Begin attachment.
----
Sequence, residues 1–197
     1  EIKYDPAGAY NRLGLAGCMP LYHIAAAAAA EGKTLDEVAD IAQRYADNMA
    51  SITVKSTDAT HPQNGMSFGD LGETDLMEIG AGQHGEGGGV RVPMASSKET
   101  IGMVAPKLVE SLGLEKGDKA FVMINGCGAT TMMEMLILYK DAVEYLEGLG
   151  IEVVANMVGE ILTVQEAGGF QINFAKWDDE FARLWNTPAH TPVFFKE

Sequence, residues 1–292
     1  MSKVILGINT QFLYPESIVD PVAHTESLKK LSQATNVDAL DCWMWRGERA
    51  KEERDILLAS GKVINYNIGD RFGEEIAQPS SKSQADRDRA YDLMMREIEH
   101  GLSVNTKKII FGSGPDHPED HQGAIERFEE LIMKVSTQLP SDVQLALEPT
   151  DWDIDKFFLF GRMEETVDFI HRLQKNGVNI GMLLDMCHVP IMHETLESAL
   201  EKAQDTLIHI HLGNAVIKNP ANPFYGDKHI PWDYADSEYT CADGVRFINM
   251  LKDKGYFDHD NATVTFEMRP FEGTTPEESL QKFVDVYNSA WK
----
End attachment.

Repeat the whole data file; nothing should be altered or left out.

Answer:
Sequence, residues 1–197
     1  EIKYDPAGAY NRLGLAGCMP LYHIAAAAAA EGKTLDEVAD IAQRYADNMA
    51  SITVKSTDAT HPQNGMSFGD LGETDLMEIG AGQHGEGGGV RVPMASSKET
   101  IGMVAPKLVE SLGLEKGDKA FVMINGCGAT TMMEMLILYK DAVEYLEGLG
   151  IEVVANMVGE ILTVQEAGGF QINFAKWDDE FARLWNTPAH TPVFFKE

Sequence, residues 1–292
     1  MSKVILGINT QFLYPESIVD PVAHTESLKK LSQATNVDAL DCWMWRGERA
    51  KEERDILLAS GKVINYNIGD RFGEEIAQPS SKSQADRDRA YDLMMREIEH
   101  GLSVNTKKII FGSGPDHPED HQGAIERFEE LIMKVSTQLP SDVQLALEPT
   151  DWDIDKFFLF GRMEETVDFI HRLQKNGVNI GMLLDMCHVP IMHETLESAL
   201  EKAQDTLIHI HLGNAVIKNP ANPFYGDKHI PWDYADSEYT CADGVRFINM
   251  LKDKGYFDHD NATVTFEMRP FEGTTPEESL QKFVDVYNSA WK